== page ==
The tension between what an employer wants, often linked in to use levy funds and, the requirements of an apprenticeship, features often in our conversations with clients about what a quality apprenticeship looks like.
I came across a paper by the team at Institute of Education UCL, funded by the Nuffield Foundation. Thought you might find these questions from the report helpful when considering how to use adult apprenticeships as part of a wider workforce development strategy.
• If apprentices are existing employees, what additionality is being achieved by the apprenticeship over and above the accreditation of existing competences and how are their existing knowledge and skills being built on?
• Do managers and trainers understand the different kinds of knowledge and experience attributed to younger and older apprentices and how these can be utilised to support inter-generational learning?
• Is there sufficient time allocated for the development of new skills and knowledge to enable your apprentices to progress beyond their immediate job role and/or to take on higher levels of responsibility?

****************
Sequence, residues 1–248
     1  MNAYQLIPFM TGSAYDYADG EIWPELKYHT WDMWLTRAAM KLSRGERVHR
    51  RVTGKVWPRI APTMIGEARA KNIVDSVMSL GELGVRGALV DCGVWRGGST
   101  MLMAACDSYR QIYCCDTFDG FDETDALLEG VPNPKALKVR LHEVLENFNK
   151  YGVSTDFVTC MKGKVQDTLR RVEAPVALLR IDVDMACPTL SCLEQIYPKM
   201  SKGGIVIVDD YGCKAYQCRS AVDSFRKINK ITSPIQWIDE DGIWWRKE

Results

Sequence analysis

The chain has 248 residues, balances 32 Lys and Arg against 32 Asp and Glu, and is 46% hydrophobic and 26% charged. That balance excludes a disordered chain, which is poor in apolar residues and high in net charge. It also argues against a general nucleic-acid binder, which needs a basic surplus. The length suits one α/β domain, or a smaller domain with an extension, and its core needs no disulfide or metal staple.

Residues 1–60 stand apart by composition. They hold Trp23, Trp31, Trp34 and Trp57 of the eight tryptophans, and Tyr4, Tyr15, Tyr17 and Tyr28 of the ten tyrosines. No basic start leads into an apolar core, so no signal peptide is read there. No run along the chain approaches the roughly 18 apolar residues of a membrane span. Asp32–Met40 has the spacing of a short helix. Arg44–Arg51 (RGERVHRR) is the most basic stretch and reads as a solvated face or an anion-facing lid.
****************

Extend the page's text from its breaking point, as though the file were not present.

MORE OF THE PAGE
• If job roles in your organisation are pegged to specific grades, will the apprenticeship enable individuals to progress to higher grades?
• Do managers within the organisation understand the purpose of apprenticeship for older employees and the implications for the type and amount of productive work they are expected to perform?
• What do you want the apprenticeship to achieve that is over and above and different from your standard workforce development activities?
• Do the mandatory English and maths requirements of the government-supported apprenticeship provide a vehicle for identifying latent potential in your workforce and a means for motivating older workers who have been reluctant to engage with training for upskilling and/or retraining purposes?